Known notoriously as a time-consuming, social-life-ruining, mental-breakdown-inducing maths hell, Physics has a pretty bad reputation as a subject. However, in my opinion, it is all worth it to study the vast complexity of space. So, if like me, you find yourself in awe of the beauty of our night sky, or find yourself wondering if there exists dimensions beyond our own, look no further than Christopher Nolan’s cinematic masterpiece, Interstellar (2014).
With a star-studded cast including Matthew McConaughey, Michael Caine, Anne Hathaway, and Jessica Chastain, Interstellar is a science-fiction epic, with a run time of almost three hours. The film follows NASA ex-pilot, Cooper (McConaughey), as he is forced to work on a farm due to a global food shortage. All scientific research permitted is solely based on finding a solution to the famine, and areas such as space exploration are deemed a waste of money.
After following gravitational fluctuations found by his daughter, Murph (Chastain), he finds a secret facility containing the remnants of NASA, led by Brand (Caine). Explaining the imminent extinction of humanity, he asks Cooper to pilot an exploratory spacecraft into a newly discovered wormhole to find potentially habitable planets.
As the film progresses, we see Cooper feel the effects of the gravity from a supermassive black hole as decades pass on Earth in the space of minutes on the spaceship, and he watches as his eight year-old daughter becomes a woman before his eyes. As Cooper and his crew attempt to investigate habitable planets, unforeseen problems cause the initial plan to falls away, and they are left with impossible decisions to make. Although the film touches on many scientific topics, the main theme is still one most relevant to us today: the unyielding will of humanity to persevere.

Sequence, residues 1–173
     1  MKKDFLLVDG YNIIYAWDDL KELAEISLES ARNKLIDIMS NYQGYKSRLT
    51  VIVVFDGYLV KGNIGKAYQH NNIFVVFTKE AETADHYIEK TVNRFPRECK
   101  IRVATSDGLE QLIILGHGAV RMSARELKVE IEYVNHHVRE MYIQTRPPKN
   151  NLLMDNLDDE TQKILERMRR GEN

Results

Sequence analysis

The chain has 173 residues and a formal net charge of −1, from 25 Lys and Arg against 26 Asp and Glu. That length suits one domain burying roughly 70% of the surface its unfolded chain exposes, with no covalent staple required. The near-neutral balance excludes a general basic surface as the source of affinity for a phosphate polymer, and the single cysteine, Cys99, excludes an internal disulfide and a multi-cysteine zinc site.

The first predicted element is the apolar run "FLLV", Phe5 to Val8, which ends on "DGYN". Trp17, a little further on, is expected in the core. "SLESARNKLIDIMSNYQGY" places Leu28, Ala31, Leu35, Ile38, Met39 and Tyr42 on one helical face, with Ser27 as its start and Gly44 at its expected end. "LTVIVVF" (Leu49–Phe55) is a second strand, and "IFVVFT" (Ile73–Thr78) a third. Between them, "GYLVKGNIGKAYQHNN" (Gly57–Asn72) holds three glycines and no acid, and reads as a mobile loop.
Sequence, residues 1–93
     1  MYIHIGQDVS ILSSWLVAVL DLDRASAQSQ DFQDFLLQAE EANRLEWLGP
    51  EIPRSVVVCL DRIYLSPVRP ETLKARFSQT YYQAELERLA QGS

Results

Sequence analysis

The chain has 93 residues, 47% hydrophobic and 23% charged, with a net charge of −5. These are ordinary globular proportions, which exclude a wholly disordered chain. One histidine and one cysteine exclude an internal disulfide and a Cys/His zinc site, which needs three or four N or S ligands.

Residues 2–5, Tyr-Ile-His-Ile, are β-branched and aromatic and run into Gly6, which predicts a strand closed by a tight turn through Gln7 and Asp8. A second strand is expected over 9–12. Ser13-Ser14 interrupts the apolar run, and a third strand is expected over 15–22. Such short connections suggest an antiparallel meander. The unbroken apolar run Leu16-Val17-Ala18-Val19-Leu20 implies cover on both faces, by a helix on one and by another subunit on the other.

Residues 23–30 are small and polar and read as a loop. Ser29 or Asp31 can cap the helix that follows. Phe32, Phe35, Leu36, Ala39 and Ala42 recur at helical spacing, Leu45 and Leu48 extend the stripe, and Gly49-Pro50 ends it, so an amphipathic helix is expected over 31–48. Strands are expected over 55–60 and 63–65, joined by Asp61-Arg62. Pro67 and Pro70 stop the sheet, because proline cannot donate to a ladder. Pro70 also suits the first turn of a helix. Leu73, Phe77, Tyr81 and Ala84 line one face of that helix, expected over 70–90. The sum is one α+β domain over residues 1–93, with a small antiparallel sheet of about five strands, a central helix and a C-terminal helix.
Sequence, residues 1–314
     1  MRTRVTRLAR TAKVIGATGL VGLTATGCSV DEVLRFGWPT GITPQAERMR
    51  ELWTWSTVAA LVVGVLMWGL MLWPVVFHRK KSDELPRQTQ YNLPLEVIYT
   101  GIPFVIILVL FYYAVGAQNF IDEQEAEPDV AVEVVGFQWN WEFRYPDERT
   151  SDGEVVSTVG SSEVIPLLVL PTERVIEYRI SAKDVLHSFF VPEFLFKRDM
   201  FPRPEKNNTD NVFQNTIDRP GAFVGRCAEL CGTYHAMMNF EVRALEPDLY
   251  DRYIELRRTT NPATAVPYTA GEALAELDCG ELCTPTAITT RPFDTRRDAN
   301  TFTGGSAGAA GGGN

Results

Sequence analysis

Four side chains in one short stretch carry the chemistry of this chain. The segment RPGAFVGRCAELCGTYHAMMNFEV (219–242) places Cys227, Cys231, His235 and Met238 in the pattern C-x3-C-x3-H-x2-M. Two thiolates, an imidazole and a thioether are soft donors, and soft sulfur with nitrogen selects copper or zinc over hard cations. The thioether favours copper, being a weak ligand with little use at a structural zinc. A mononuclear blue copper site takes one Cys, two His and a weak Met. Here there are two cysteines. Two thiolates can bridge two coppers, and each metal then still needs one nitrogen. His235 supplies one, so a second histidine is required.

The film manages to question the entire concept of gravity and dimensions, while still being one of the most scientifically accurate fiction films on the scene. Nolan consulted with theoretical physicist, Kip Thorne (scientific consultant and executive producer), when making the film.
Thorne asked Nolan to promise two things – “First, that nothing would violate established physical laws. Second, that all the wild speculations … would spring from science and not from the fertile mind of a screenwriter”. Aside from some creative freedom with “ice clouds”, Nolan stuck to these words, and even used CGI rendering software to recreate an image of a blackhole from the scientific equations that define them. This alone took over 100 hours.
Completely captivating while utterly heart-wrenching, if you are yet to see this film, you are missing out.